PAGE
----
Josephine Margaret Bakhita: From Slave to Servant of Christ
Today, the anniversary of Josephine Margaret Bakhita’s death, has become the International Day of Prayer to Stop Human Trafficking.
John StonestreetGlenn Sunshine
Josephine Bakhita died on this day in 1947. She was a remarkable believer who reveled in the love of God and lived her life in service to Him, despite the years she suffered in abusive slavery. Born around the year 1869 in the troubled region of Darfur in Sudan, she was kidnapped by Arab slave traders while still a child, in about 1877. This began a horrific 12-year ordeal as a slave.
Not only did her captors forcibly convert her to Islam, but they also forcibly marched her 600 miles to the city of El Obeid. She was so traumatized by the kidnapping, she forgot her name. Bakhita was, in fact, a name given to her by her slavers. It means “lucky.”
During the march, Bakhita was bought and sold twice. Afterward, she was sold a third time to a wealthy Arab merchant who assigned her as a maid to his two daughters. For the most part, they liked her and treated her well, though at one point, when she accidentally broke a vase, the merchant’s son beat her so badly that she could not leave her bed for days.
Bakhita was then sold to a Turkish general, tasked with serving his mother-in-law and wife. Both treated Bakhita with extreme cruelty. They whipped her daily and scarred her body with deep razor lines, even rubbing salt into them. The abuse left 114 scars on Bakhita’s body.
In the 1870s, Muhammad Ahmad, a Muslim cleric in Sudan, began to agitate for religious renewal and freedom from foreign control. He led a major revolt against the Turks and declared himself the Mahdi, essentially a Muslim Messiah. As the Mahdists were closing in on El Obeid, Bakhita was sold for a fifth time. Unlike her previous masters, Italian Vice Consul Callisto Legnani treated her kindly. When the Mahdists besieged Khartoum, Legnani slipped out of the city, bringing Bakhita with him at her request. Along with Legnani’s friend Augusto Michieli, they traveled 450 miles to the port city of Suakin. There, the party set sail and arrived in Genoa in 1885. Legnani gave Bakhita to Michieli’s wife as a gift.
Bakhita’s primary job was to be a nanny to Michieli’s daughter. While arrangements were being made to move the family to Sudan, Bakhita and the daughter were sent to the convent of the Canossian sisters in Venice. There, Bakhita learned of a different Master, who was flogged on her behalf, who created her, knew her, and loved her. Bakhita had longed to know the Creator, and now she had found Him. She placed her hope in Christ.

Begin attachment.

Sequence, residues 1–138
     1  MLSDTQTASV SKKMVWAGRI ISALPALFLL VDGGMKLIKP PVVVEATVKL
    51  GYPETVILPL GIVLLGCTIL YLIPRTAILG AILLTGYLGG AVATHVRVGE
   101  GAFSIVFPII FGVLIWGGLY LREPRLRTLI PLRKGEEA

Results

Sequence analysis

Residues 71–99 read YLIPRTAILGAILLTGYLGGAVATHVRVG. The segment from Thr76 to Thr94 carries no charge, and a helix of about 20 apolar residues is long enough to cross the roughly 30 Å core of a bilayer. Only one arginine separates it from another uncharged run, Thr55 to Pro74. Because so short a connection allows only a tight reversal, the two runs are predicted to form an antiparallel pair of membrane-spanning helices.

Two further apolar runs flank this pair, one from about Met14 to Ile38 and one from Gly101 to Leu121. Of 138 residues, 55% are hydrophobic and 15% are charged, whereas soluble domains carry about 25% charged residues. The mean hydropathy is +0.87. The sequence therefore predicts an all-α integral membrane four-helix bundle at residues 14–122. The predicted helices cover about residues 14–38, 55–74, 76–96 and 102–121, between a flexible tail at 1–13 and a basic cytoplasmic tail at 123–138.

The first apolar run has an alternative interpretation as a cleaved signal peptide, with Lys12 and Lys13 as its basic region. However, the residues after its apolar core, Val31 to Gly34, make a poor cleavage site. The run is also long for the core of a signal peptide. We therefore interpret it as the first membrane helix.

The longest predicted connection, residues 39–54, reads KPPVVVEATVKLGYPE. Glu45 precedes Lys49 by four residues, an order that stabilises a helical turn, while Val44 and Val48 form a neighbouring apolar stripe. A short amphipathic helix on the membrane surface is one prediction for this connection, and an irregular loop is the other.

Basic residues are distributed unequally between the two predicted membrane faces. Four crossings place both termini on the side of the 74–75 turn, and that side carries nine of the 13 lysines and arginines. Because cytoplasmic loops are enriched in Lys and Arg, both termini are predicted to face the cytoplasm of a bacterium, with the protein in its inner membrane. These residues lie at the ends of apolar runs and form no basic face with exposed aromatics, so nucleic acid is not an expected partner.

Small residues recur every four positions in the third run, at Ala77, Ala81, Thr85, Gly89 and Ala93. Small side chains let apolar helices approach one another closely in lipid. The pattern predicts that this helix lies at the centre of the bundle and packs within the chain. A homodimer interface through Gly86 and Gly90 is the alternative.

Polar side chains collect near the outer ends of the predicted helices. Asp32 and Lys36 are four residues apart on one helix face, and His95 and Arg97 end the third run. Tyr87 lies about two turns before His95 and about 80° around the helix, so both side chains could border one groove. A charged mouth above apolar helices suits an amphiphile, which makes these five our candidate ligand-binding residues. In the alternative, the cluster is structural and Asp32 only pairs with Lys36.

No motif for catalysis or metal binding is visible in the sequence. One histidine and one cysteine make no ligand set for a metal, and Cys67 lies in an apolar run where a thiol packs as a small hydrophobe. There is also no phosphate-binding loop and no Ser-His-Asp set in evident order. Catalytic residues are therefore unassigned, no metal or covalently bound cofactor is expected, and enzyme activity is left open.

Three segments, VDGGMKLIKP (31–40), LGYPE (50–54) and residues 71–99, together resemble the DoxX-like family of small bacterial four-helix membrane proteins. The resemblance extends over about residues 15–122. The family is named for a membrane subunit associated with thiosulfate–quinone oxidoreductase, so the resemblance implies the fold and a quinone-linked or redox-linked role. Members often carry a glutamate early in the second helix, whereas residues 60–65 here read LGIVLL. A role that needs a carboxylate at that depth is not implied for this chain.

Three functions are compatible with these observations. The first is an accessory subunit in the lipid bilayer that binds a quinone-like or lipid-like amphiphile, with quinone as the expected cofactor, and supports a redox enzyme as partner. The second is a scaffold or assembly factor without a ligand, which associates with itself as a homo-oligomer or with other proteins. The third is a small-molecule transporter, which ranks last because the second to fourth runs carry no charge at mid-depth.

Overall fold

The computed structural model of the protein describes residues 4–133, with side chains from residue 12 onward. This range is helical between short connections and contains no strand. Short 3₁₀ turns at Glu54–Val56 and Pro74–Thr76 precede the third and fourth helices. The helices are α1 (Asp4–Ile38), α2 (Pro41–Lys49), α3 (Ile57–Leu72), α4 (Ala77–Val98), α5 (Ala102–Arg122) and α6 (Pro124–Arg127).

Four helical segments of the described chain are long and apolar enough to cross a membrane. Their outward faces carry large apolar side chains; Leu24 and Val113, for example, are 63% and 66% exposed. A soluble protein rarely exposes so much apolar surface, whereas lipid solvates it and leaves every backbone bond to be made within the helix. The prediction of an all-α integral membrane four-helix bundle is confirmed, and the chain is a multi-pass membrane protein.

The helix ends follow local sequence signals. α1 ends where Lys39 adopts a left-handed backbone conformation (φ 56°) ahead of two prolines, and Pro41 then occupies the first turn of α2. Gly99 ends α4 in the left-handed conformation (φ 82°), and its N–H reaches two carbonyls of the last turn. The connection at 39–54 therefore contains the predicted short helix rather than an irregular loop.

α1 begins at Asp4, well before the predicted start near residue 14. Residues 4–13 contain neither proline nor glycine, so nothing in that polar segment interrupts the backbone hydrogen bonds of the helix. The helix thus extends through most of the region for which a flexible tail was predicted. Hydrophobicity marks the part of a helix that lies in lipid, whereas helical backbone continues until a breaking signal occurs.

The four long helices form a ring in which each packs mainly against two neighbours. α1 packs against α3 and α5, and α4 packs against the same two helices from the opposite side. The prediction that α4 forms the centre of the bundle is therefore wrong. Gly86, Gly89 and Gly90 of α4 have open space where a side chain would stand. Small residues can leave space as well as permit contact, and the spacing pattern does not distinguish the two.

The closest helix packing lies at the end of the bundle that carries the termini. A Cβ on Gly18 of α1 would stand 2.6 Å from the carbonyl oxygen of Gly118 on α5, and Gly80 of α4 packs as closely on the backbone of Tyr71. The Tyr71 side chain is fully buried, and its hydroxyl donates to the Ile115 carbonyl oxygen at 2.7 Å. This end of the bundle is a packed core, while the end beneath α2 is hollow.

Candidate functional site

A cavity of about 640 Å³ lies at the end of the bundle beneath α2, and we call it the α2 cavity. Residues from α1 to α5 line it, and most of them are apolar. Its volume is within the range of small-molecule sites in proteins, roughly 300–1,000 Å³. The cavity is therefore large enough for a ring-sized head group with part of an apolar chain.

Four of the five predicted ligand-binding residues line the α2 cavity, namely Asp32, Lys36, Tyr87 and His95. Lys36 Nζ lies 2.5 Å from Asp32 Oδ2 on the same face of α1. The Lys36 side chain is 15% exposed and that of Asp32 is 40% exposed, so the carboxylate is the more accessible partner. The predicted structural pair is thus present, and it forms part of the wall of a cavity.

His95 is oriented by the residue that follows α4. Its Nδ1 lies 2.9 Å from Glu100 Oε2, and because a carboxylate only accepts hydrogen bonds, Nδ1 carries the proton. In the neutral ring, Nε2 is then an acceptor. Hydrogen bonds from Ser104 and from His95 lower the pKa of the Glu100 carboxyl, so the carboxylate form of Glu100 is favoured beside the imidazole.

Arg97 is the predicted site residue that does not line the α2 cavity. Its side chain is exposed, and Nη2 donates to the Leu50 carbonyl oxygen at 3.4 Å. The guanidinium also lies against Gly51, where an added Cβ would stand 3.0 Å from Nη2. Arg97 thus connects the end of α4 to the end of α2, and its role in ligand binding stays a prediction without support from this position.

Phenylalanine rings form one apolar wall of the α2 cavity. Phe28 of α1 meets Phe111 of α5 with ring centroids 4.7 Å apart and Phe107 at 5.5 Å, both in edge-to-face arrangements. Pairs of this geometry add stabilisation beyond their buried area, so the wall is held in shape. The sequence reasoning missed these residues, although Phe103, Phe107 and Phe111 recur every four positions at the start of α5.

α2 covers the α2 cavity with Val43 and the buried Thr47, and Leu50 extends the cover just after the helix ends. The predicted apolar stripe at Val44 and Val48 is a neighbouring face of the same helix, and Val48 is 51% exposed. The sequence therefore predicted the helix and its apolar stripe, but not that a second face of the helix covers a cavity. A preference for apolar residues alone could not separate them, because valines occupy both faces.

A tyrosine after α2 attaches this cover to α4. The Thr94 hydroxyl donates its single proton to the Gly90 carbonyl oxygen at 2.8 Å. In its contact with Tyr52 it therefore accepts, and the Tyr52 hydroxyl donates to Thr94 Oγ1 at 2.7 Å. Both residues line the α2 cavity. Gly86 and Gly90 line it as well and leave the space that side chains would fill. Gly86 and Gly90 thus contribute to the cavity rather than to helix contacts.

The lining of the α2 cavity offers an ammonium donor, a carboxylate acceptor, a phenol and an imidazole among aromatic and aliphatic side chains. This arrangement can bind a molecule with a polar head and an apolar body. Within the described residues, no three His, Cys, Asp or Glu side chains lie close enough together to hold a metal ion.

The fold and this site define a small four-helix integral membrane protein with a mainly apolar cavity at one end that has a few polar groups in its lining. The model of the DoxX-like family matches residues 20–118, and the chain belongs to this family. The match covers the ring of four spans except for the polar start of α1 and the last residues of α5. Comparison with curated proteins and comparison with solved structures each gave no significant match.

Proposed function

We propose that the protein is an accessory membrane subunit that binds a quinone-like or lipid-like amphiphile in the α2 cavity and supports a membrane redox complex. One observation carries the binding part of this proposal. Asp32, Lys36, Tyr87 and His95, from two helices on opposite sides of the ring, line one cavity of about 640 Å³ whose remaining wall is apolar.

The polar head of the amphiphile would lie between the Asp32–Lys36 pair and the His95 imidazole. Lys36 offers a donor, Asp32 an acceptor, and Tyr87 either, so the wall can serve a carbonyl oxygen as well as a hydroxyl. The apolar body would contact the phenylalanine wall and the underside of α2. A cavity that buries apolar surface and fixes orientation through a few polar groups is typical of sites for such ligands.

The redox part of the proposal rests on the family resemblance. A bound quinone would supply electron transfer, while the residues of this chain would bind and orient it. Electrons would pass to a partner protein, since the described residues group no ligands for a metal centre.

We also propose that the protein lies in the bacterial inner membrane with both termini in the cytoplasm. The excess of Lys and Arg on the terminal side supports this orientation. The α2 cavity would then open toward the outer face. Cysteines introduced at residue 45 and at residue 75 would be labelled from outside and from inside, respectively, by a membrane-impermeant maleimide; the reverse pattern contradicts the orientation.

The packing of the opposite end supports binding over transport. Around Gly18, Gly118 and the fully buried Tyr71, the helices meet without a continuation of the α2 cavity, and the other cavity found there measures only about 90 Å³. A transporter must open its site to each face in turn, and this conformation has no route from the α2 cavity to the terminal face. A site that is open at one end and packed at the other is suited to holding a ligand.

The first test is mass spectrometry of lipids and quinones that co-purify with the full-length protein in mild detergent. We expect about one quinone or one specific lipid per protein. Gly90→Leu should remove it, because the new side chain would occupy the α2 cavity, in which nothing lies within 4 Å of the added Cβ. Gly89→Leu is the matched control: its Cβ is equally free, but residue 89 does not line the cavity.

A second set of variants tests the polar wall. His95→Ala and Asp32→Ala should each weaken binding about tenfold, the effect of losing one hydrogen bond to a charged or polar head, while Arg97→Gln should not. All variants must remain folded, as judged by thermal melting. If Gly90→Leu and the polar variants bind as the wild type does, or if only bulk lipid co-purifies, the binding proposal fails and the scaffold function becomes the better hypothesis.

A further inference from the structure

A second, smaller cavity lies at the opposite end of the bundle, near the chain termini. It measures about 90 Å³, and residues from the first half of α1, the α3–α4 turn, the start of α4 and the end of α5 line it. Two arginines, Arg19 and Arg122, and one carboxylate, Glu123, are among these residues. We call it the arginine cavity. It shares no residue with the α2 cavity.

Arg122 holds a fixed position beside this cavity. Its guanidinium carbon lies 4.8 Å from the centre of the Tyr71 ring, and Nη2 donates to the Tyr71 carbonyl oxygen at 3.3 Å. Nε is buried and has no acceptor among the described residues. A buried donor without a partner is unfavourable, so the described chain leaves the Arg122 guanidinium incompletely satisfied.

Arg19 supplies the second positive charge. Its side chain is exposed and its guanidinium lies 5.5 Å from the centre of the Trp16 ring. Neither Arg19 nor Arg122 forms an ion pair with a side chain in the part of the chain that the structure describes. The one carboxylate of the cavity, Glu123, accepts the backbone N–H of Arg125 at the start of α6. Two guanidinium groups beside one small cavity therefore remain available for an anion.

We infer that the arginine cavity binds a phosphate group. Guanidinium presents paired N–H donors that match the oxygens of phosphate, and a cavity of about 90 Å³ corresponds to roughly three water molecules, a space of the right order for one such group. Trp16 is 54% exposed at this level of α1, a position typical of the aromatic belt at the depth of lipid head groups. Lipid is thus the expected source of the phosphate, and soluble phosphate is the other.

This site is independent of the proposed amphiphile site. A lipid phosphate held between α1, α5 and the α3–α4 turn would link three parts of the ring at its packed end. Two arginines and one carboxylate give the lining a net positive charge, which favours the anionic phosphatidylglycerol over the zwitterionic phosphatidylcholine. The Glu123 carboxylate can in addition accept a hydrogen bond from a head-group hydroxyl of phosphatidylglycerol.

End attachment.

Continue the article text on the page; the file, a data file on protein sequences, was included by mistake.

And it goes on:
When Michieli’s wife returned, Bakhita refused to leave the convent. In fact, the convent went to court to protect Bakhita. The court ruled that since slavery had been outlawed in Sudan before Bakhita’s birth and was illegal in Italy, Bakhita had never legally been a slave and thus was not the property of the Michieli family. Bakhita stayed in the convent, was baptized, took Communion, and was confirmed by Archbishop Sarto, the Cardinal Patriarch of Venice and future Pope Pius X. Eventually, she took the names Josephine Margaret and Fortunata (Latin for “Bakhita,” or “Lucky”).
Bakhita became a Canossian sister and was assigned to the convent at Schio in Vicenza. She was so kind and gentle that she was regarded to be a living saint. The townspeople even thought her presence would protect them during World War II. As it turns out, Schio was bombed but suffered no loss of life during the war.
From 1935-1939, Bakhita was sent to Milan to help prepare sisters to be missionaries to Africa. According to her biographer, “her mind was always on God, and her heart in Africa.”
Bakhita died on February 8, 1947, and was canonized on October 1, 2000. Today, the anniversary of her death, also her feast day according to Roman Catholic practice, has become the International Day of Prayer to Stop Human Trafficking. When asked what she would say to her captors if given the chance, Josephine replied, “If I were to meet those who kidnapped me, and even those who tortured me, I would kneel and kiss their hands. For, if these things had not happened, I would not have been a Christian and a [Canossian] today.”
This Breakpoint was co-authored by Dr. Glenn Sunshine. For more resources to live like a Christian in this cultural moment, go to colsoncenter.org.
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